Individual brilliance the major difference says Telfer

Guinness PRO12 Editor

17 May 2010



One of the legends of Scottish rugby believes individual brilliance prevented Glasgow Warriors from reaching the inaugural Magners League Final.

The Warriors were beaten 20-5 by the Ospreys on Friday night and Jim Telfer puts that defeat largely down to a couple of magical moments from two of the league’s most high-profile players.

Telfer, whose impressive CV includes coaching Scotland to Grand Slam glory in 1984 and securing series success with the Lions as assistant to Sir Ian McGeechan in 1997, highlights the contributions of Shane Williams and James Hook in a hard-fought semi-final in Swansea.

"Two pieces of individual brilliance by two outstanding players were the difference between victory and defeat at the Liberty Stadium," said Telfer, who had been hoping to watch Glasgow become the first Scottish side to lift the Magners League trophy in a fortnight’s time.

"Unfortunately, from the visitors’ point of view, the players both played for the home side.

"Early in the game, Shane Williams, out of nothing, picked up a flicked pass from James Hook at a turnover and skipped along the touchline to score in the corner. Most people in the crowd thought he was in touch, but not the man that mattered – the assistant referee – and to compound Glasgow’s misfortune, Dan Biggar kicked the goal.

"Then, in the second half, Hook showed his own brilliance, again down the blind side, when he rounded Alastair Kellock, kicked the ball over Dan Parks’ head and gathered it to score."

The Warriors arrived in Swansea in fine form following a superb bonus-point win at the Scarlets and three successive home victories but head coach Sean Lineen admitted his side would have to be at their very best to topple the Ospreys.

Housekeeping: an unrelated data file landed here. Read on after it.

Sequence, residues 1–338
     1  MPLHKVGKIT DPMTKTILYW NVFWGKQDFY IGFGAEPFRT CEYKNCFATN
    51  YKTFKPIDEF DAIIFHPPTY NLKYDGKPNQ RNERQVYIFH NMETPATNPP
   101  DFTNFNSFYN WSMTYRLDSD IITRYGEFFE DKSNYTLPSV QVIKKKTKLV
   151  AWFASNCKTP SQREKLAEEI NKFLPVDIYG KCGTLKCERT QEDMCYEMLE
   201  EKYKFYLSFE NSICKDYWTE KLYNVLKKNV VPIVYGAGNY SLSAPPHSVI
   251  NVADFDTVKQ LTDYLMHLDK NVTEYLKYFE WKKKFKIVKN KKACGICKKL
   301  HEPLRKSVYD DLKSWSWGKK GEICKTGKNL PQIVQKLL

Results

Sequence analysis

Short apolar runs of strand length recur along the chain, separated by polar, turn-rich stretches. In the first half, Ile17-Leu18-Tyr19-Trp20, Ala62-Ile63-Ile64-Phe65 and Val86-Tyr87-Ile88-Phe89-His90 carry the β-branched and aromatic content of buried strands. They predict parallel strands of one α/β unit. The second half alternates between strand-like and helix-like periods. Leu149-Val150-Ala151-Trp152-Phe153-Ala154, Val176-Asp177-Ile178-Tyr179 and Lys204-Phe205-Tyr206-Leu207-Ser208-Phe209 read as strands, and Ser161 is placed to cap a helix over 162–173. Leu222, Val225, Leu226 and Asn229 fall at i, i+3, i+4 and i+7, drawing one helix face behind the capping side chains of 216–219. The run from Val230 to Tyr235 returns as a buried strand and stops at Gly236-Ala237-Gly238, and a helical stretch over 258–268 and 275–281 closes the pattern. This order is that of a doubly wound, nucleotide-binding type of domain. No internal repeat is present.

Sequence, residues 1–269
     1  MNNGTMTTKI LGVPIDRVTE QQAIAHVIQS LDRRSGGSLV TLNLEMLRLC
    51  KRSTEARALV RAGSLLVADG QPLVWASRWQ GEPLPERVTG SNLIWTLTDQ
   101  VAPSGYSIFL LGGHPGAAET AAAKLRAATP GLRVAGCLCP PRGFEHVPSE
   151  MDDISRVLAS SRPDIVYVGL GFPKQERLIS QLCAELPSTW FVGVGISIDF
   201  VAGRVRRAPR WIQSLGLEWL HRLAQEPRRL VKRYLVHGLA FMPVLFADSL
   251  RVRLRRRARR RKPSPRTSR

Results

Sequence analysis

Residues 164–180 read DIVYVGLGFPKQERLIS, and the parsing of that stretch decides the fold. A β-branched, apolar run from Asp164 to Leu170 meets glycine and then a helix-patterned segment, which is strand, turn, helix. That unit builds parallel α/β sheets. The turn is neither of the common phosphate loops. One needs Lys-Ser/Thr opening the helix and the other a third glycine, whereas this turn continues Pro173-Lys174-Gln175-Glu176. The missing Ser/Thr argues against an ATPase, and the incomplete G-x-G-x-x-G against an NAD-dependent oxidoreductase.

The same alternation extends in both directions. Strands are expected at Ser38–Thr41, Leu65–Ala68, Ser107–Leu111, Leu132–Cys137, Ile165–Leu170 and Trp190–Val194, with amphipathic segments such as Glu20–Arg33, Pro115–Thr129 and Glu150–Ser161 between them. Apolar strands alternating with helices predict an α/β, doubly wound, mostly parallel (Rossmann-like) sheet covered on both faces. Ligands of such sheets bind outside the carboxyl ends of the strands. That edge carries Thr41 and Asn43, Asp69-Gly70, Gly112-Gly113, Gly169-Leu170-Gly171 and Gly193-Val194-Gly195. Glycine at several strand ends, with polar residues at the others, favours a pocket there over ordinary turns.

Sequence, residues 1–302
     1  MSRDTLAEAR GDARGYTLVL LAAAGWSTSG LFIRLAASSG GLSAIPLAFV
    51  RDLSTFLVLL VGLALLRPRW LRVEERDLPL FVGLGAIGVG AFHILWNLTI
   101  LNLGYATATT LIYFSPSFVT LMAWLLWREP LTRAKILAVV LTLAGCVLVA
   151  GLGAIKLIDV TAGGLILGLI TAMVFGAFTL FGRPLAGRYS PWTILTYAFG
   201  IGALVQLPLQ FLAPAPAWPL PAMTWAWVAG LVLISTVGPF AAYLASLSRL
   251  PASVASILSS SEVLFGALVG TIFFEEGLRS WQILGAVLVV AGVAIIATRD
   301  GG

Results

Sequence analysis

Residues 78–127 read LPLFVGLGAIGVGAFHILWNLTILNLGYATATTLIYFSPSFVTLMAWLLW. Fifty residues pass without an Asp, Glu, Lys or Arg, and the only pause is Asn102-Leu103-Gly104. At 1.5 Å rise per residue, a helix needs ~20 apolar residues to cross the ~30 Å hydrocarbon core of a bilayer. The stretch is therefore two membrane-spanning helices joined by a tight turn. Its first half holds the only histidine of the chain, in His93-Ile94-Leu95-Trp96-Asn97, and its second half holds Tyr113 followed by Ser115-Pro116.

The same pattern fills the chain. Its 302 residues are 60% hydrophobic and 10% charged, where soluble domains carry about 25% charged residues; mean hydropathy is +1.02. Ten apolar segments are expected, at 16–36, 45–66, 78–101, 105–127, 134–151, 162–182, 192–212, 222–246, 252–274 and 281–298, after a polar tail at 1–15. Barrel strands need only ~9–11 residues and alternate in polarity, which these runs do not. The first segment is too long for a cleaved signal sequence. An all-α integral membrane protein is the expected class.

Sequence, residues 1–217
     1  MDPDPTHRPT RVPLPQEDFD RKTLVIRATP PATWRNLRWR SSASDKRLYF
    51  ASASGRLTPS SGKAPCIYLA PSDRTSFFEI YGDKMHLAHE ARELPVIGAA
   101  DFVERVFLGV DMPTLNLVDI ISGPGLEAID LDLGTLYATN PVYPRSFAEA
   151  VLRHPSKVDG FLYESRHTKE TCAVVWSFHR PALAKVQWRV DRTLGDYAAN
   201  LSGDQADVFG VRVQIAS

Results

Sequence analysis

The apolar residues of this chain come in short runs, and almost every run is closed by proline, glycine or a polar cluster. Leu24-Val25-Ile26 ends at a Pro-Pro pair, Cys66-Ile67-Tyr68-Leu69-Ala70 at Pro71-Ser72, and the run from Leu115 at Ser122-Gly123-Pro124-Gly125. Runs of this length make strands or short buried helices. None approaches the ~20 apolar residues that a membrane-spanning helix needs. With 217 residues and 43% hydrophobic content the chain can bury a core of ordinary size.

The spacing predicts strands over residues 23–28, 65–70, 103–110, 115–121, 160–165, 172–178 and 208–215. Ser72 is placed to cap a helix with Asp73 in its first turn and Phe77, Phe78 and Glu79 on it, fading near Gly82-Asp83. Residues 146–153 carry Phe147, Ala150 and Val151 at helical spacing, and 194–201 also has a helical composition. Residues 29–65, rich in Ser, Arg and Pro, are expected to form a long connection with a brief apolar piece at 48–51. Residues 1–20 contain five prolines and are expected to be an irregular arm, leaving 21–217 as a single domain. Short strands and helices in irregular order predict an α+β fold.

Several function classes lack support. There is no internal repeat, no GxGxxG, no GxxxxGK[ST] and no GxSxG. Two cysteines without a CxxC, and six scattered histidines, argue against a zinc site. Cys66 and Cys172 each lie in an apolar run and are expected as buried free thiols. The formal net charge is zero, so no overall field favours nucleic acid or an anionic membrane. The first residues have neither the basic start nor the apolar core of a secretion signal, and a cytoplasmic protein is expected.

Telfer doesn’t believe that was the case last weekend, although it clearly wasn’t down to a lack of effort.

He is full of praise for what Lineen’s men have achieved this season but, although Glasgow made the Ospreys work extremely hard for their 15-point win, Telfer feels the actual result never really looked like going the Warriors’ way.

"In between the two Ospreys tries, Fergus Thomson scored one for Glasgow after a mix-up at an Ospreys lineout but to be honest it was the only time Glasgow threatened the home team’s line," Telfer told STV.

"Recently, Glasgow have been playing well and only the week before had scored a decisive victory at Llanelli. But, on Friday night, they didn’t deserve to win.

"As you would expect from two of the best sides in the league, play was very intense and physical especially in defence and at the breakdown. For once the famous "Killer Bs", Barclay, Brown and Beattie, came off second best.

"Ospreys have arguably the best back three in club rugby and Dan Parks was never able to keep Glasgow going forward as he usually does. Lee Byrne was immense under the high ball, Tommy Bowe and Shane Williams were prepared to run ball back and so the visitors, when Parks kicked, were never able to control position or possession for any length of time.

"The loss of Chris Cusiter before the game and Bernardo Stortoni at half-time were cruel blows for Glasgow. The latter in particular is almost indispensable both in attack and defence for Glasgow.

"Overall, Glasgow have done well this season. Third is their highest position ever in the Magners League and they are definitely Scotland’s top professional side. Physically, they are a match for anyone in Europe – their set piece is strong but their attack, as was shown on Friday night, lacked variety.

"Up to now everything has revolved around Dan Parks and, with his leaving, the equilibrium and balance of the attack will have to change. Players like Cusiter, Graeme Morrison, Max Evans and Stortoni will have step up to the mark and ensure that the two young stand-offs, Ruaridh Jackson and Duncan Weir, are not left to flounder."